Yet some members of Congress would like to make the president’s goal for biofuels a mandatory target — the equivalent of 2.3 million barrels a day that would, in effect, create an ethanol industry roughly the size of world-class oil producers like Kuwait or Nigeria.
The economics of cellulosic ethanol, made from nonfood crops and agricultural waste, are also unclear. Since cellulosic ethanol, still at an experimental stage, is twice as expensive as corn-based ethanol, there are currently no commercial-scale cellulosic plants.
Lawrence Goldstein, an energy analyst at the Energy Policy Research Foundation, an industry-financed group, has been warning for nearly a year that the government’s twin goals of encouraging refiners to increase production and promoting increased supplies of biofuels work against each other.
“These two policies are not complementary,” Mr. Goldstein said. “These policies are in conflict.”
In addition, Mr. Goldstein said, an emphasis on ethanol might lead to increased volatility in fuel prices.
“If we get a bad corn crop, we will end up paying for it at the pump and on the food shelves,” he said. “We are not buying security. We are increasing volatility.”
Clay Sell, the deputy secretary of energy, acknowledged the concern, but said that rising energy consumption meant both biofuels and additional refining capacity would be needed in the long term.
“One can think that these goals are potentially in conflict,” Mr. Sell said. “But demand growth supports the need for investments in biofuels and growth in refining capacity. Are we concerned about it? Yes. But do we believe these concerns are well founded? No.”
Until the mid-1990s, the United States had significant spare refining capacity. But because of consolidation in the industry, the number of refineries declined while unprofitable operations were shut. As demand grew, however, and capacity remained flat, the picture changed. In recent years, refineries in the United States have been running at or close to full capacity.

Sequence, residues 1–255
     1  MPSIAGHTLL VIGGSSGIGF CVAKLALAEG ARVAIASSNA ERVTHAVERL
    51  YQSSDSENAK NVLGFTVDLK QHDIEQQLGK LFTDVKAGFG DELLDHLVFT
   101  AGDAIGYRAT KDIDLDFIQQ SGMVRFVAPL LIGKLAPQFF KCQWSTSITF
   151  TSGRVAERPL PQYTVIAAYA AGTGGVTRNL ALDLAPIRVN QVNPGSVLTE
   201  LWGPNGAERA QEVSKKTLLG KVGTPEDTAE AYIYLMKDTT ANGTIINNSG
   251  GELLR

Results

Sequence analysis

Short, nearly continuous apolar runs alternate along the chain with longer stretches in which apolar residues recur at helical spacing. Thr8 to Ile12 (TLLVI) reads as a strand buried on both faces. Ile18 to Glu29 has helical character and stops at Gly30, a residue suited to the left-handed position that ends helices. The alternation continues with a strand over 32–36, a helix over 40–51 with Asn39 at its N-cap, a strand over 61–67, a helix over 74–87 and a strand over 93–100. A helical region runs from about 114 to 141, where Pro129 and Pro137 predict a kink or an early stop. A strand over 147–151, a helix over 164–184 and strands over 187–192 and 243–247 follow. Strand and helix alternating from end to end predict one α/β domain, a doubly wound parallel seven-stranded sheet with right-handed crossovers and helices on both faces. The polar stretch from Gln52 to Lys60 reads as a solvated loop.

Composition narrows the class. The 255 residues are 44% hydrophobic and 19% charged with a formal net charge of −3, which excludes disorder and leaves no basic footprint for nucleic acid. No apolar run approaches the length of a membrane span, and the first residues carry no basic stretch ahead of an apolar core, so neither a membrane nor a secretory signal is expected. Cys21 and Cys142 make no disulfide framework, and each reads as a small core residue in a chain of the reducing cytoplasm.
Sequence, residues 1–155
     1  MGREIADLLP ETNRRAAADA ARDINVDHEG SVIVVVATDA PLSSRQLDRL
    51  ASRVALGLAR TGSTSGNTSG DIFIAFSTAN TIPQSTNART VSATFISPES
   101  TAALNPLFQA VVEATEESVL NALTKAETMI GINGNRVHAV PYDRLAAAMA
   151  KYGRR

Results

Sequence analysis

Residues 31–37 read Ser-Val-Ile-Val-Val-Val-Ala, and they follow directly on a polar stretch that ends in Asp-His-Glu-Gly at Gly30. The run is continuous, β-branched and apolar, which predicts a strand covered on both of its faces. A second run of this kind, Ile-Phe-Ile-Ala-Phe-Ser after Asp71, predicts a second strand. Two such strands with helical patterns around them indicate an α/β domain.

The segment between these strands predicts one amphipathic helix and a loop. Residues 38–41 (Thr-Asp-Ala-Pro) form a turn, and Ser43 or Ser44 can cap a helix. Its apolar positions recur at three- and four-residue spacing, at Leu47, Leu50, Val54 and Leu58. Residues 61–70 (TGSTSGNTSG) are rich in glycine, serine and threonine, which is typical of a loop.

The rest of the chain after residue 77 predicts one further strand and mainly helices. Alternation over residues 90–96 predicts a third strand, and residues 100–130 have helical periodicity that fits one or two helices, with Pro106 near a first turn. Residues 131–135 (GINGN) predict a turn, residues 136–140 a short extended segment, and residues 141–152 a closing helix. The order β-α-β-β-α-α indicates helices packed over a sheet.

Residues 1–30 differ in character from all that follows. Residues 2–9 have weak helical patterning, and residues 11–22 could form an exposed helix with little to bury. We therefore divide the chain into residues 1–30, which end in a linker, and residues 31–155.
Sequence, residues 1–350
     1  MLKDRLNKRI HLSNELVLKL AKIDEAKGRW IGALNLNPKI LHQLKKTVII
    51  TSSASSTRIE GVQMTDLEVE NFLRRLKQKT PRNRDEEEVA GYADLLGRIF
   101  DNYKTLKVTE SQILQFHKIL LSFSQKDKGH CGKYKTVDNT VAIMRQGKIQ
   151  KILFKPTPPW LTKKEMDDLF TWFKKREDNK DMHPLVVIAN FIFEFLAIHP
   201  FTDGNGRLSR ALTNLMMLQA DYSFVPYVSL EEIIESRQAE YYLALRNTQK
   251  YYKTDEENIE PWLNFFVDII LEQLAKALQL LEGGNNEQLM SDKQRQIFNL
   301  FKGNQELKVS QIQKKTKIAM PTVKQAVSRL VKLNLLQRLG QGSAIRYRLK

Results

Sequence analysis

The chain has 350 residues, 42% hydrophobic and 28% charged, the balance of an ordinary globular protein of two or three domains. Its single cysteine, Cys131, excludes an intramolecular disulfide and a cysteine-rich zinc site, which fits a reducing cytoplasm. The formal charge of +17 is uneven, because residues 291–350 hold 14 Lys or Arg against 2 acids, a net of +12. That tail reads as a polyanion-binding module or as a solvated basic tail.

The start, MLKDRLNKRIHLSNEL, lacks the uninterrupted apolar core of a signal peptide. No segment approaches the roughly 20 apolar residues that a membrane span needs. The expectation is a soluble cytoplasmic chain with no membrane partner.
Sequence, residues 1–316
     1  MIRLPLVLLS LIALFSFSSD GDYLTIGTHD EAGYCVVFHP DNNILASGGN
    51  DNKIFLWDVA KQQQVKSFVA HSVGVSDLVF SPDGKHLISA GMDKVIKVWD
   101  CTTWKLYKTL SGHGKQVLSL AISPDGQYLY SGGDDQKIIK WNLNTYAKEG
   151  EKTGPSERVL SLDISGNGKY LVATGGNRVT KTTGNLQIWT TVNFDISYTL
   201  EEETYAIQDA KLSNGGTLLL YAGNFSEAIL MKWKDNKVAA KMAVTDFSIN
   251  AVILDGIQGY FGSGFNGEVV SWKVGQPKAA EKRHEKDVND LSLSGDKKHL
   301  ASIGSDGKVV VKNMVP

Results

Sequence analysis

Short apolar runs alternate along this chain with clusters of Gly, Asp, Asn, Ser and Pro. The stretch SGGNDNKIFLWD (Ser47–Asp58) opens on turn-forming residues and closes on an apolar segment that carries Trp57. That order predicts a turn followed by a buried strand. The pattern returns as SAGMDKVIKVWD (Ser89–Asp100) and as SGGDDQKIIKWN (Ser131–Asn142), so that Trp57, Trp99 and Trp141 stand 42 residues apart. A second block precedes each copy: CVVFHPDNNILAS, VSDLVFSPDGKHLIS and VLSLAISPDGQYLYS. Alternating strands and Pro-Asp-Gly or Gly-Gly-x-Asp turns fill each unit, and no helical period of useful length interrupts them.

Domestic refineries can now process about 17.5 million barrels of crude oil each day, much of it imported. But with consumption now close to about 21 million barrels a day, more imports of refined products are also needed.
In recent weeks, refiners point out that they have been increasing output: gasoline production in the United States is at its highest level ever, 8.85 million barrels a day.
Also, by increasing output from existing refineries, oil companies say they have expanded their production by 200,000 barrels a day since last year. Expansion of existing plants has added the equivalent of 10 new refineries over the last 10 years.
The refining industry has also spent vast amounts — more than $50 billion in the last 10 years — to meet requirements to produce cleaner fuels, according to the American Petroleum Institute, the industry’s main trade group.
But demand is outstripping supply. In the first three quarters of the year, gasoline use grew by 2 percent, nearly twice last year’s pace. Domestically produced supplies, though, have increased by only 0.5 percent a year on average